Portrait of Jeanne Hebuterne and Pale Blue Eyes

7:00 AM

Amedeo Modigliani, Portrait of Jeanne Hebuterne, 1918

If there were a song to describe the relationship of Modigliani and his dearest lover Jeanne Hebuterne, it would be Pale Blue Eyes by the Velvet Underground.

Born in Italy in 1884, Amedeo Modigliani was stricken by illness throughout his life. Since pleurisy and typhoid had made it impossible for him to go to school, by the age of fifteen, Amedeo Modigliani was studying painting in Guglielmo Micheli's studio. Modigliani left for Paris in 1906, and joined a circle of artists like Picasso and Gino Severini. But instead of Cubism or Futurism, Modigliani took his inspiration from works of early Renaissance, such as that of Duccio and Simone Martini, and other oriental cultures. In 1917, he met the love of his life, then 19-year-old Jeanne Hebuterne. For the next two years, he seemed never get tired of painting her. And he would carry on if wasn't struck down by illness. In 1920, tubercular meningitis took his life. Jeanne committed suicide the next day, nine months pregnant with their second child.

Finding a painting to go with a piece of good music is not easy when you are little short on knowledge about either music or painting. But it all becomes very easy when the mild tune of Pale Blue Eyes finds the lazy, curving lines of Modigliani's portrait of Jeanne Hebuterne. A certain gentleness flows along the soft lines of her almond-shaped face, through the sloping shoulder and slender arm, to be picked up by her gently pressing left hand. A similar gentleness can be heard with every touch of the string and every line of the lyrics in the song. And I find myself "lingering on her pale blue eyes."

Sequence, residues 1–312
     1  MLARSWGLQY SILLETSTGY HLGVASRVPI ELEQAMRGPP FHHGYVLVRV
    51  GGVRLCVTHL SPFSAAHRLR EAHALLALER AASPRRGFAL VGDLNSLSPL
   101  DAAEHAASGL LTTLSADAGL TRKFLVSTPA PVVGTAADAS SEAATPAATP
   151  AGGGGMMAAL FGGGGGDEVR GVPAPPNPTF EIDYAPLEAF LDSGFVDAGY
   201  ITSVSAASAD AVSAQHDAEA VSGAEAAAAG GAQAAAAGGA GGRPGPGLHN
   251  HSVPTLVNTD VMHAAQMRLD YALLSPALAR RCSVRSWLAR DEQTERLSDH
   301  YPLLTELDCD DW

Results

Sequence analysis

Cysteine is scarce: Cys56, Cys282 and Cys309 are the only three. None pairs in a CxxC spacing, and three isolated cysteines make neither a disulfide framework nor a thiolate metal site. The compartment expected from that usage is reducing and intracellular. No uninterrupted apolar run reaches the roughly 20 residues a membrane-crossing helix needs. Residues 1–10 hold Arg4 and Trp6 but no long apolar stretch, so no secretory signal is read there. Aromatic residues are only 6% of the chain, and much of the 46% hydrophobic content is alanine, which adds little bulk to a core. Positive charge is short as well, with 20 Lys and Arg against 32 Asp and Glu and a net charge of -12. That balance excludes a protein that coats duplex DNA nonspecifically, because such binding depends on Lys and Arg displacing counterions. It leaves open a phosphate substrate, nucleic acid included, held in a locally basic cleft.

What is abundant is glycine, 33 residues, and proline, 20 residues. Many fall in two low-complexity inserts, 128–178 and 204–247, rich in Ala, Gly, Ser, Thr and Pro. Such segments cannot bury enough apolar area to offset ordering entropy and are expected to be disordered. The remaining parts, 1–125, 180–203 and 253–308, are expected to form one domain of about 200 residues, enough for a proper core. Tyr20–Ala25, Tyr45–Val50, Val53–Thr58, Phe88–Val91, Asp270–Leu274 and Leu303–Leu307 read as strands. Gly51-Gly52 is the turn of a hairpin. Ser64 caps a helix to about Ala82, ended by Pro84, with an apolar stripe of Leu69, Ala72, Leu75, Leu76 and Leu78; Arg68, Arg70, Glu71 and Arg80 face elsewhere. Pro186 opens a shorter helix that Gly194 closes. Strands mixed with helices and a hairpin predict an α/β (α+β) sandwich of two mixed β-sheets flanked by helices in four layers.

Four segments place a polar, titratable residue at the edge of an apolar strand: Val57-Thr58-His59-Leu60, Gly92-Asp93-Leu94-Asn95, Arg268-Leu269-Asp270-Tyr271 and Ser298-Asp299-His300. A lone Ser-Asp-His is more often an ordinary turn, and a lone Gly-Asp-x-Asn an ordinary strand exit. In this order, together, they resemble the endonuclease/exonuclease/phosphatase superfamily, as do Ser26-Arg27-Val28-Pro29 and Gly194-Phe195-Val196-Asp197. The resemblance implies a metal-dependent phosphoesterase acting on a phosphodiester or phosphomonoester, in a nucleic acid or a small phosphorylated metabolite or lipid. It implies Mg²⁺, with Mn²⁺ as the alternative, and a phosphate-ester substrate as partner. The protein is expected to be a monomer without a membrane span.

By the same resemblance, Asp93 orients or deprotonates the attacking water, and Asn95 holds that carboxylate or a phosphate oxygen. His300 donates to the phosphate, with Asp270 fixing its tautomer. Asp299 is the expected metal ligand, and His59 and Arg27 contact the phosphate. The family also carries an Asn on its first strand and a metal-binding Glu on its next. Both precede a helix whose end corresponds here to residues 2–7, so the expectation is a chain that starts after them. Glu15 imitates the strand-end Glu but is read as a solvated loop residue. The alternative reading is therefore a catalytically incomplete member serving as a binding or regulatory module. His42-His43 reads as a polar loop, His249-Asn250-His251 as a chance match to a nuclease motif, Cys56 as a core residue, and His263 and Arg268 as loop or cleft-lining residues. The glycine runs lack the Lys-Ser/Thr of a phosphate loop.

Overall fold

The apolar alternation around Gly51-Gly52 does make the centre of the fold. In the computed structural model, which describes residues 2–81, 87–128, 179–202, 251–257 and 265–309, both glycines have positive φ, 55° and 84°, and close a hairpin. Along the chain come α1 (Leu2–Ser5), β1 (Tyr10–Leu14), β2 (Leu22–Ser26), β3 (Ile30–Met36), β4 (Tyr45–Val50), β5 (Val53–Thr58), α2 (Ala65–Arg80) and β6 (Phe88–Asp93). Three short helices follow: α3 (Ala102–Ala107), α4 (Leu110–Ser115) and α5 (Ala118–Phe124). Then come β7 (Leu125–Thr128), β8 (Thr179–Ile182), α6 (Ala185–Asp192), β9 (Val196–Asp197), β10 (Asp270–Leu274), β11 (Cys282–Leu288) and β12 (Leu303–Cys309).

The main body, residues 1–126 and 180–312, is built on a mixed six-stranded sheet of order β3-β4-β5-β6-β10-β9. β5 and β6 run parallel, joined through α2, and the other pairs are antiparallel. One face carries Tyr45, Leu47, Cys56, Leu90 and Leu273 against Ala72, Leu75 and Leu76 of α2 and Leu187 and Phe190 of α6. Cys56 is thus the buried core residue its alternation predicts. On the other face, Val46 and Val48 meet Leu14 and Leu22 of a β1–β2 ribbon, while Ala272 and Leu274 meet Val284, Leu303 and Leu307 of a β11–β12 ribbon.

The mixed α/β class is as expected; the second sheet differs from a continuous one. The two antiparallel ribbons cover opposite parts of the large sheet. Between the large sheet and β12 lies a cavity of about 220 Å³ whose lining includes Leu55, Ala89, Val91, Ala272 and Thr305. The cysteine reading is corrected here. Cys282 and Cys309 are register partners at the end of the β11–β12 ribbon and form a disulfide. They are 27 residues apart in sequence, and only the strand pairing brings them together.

As the lyrics progresses, the song seems to be at even more resonation with the story of Modigliani's and Jeanne. Born in a Catholic family, Jeanne was renounced by her family for her relationship with the painter. It did not stop her from falling in love with him. After Modigliani's unsuccessful exhibition in Paris, they moved to Nice, where they had their first child. The sad tone of both the song the their story gives the whole thing an undercurrent of inevitable loss and tragic beauty. As Lou Reed sings, "It was good what we did yesterday, and I'd do it once again." I wonder if Jeanne Hebuterne thought the same when she threw herself out of the balcony. And I really hope she did.

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